President Cyril Ramaphosa heads to the World Economic Forum in Davos,Switzerland, this week. Picture: GCIS.
President Cyril Ramaphosa heads to the World Economic Forum in Davos,Switzerland, this week. Picture: GCIS.

Key economic indicators are forecast to show an improvement this week as a South African delegation led by President Cyril Ramaphosa descends on the World Economic Forum (WEF) in Davos, Switzerland, with the hope of attracting new investment.

The WEF kicks off in a wintry Davos on Tuesday and about 3,000 delegates comprising political, business and civil leaders will converge under the theme “Globalisation 4.0: Shaping a global architecture in the age of the fourth industrial revolution”. The WEF concludes on Friday.

Ramaphosa told reporters in a pre-WEF briefing on Thursday that SA was in a stronger position given a united front of business, the government and labour.

Further positive news this week is that inflation is forecast to have retreated in December following a marginal uptick to 5.2% in November. The Consumer Price Index inflation data will be published on Wednesday.

This comes a day after the Reserve Bank publishes its leading indicator, which is a dipstick to gauge the business cycle in the economy.

FNB chief economist Mamello Matikinca-Ngwenya expected inflation to have eased to 4.5% year-on-year in December due to the R1.84/l decline in fuel prices.

“Lower oil prices should contain inflation well within the [Reserve Bank’s 3%-6%] target in the year ahead,” Matikinca-Ngwenya said. FNB expects inflation to average 4.6% for the year and for core inflation to stabilise at 4.4% in 2019.

Inflationary pressures are expected to moderate. Food inflation, a significant component of the CPI basket, is forecast to have stabilised at 2.8% y/y in December. However, a marginal rise in rentals and owners’ equivalent rent may provide inflation risk to December inflation.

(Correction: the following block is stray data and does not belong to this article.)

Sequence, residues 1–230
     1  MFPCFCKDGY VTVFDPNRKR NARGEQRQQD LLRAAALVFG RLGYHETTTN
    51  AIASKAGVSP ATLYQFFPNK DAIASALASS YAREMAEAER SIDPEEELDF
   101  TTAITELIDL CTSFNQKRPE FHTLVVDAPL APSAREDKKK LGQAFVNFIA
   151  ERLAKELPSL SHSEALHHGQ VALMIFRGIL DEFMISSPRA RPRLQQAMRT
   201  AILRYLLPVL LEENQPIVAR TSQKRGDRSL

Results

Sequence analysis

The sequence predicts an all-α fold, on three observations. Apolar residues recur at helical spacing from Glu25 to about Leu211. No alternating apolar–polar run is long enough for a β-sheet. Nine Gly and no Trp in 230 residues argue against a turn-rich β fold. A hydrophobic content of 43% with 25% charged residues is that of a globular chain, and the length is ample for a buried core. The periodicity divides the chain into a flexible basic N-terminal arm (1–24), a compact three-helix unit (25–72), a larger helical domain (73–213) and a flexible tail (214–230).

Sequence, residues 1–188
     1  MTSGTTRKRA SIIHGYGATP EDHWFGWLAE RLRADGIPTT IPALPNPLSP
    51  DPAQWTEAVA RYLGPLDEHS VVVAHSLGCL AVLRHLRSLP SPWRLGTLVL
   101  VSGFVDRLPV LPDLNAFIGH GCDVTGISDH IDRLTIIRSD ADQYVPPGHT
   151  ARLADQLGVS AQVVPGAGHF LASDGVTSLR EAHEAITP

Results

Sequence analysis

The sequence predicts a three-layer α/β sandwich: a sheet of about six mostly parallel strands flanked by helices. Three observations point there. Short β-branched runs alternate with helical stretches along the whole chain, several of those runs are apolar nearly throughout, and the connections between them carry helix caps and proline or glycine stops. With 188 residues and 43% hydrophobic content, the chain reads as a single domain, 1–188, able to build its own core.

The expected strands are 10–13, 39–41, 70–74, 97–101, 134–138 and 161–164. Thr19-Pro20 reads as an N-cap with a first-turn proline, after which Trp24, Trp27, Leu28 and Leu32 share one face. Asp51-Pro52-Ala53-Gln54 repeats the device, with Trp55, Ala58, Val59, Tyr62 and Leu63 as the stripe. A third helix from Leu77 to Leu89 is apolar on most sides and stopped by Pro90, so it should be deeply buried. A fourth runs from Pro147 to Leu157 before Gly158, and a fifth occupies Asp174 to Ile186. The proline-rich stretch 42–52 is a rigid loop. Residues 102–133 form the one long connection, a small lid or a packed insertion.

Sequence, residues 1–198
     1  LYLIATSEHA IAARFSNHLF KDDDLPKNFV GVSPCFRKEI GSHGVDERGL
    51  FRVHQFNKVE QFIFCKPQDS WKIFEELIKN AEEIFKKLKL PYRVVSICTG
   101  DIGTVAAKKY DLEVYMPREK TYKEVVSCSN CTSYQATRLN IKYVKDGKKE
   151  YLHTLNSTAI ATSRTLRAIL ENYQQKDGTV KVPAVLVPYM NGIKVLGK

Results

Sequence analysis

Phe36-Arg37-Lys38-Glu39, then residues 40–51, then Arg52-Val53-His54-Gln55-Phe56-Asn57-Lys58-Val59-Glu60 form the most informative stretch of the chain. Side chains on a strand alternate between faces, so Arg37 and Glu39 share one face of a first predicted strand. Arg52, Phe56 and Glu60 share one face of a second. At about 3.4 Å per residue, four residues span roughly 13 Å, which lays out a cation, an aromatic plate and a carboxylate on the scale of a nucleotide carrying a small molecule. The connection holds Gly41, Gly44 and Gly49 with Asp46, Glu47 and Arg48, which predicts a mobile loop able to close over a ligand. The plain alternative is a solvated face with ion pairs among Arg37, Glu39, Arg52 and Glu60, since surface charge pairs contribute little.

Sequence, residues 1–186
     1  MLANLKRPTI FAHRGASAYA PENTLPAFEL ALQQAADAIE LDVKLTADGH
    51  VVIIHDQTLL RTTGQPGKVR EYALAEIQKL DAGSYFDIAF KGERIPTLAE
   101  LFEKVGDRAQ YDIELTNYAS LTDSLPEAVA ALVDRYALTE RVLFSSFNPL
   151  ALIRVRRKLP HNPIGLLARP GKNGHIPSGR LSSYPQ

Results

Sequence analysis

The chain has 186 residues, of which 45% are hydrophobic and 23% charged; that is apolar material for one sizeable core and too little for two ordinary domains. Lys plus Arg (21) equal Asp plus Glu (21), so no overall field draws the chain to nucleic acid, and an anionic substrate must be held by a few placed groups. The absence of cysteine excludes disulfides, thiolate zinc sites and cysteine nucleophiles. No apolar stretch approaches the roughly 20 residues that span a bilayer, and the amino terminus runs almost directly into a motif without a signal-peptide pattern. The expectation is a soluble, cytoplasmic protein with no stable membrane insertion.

Elize Kruger, a senior economist at NKC African Economics, expected inflation to average 4.8% for 2019 with the inflation outlook “signaling no imminent need for further monetary policy tightening in the short to medium term”.

But a volatile exchange rate may reignite inflationary pressures.

Tumisho Grater, economic strategist at Novare, said: “The trajectory of the rand exchange rate remains vulnerable to both domestic and international factors. This year policy uncertainty from a political, monetary, fiscal and trade perspective is likely to see the local currency display a fair amount of volatility.”

Another key signpost for economists is the FNB/Bureau for Economic Research consumer confidence index for the fourth quarter of 2018. The index will be published on Thursday.

Economists surveyed by Bloomberg ahead of the index release expect a reading of 10, an improvement from the third quarter result of seven.

The index can vary between -100 and 100 but it has fluctuated between -33, which indicates an extreme lack of confidence, to above 23, which shows extreme confidence. The average of the index is +2 and is regarded as the neutral level.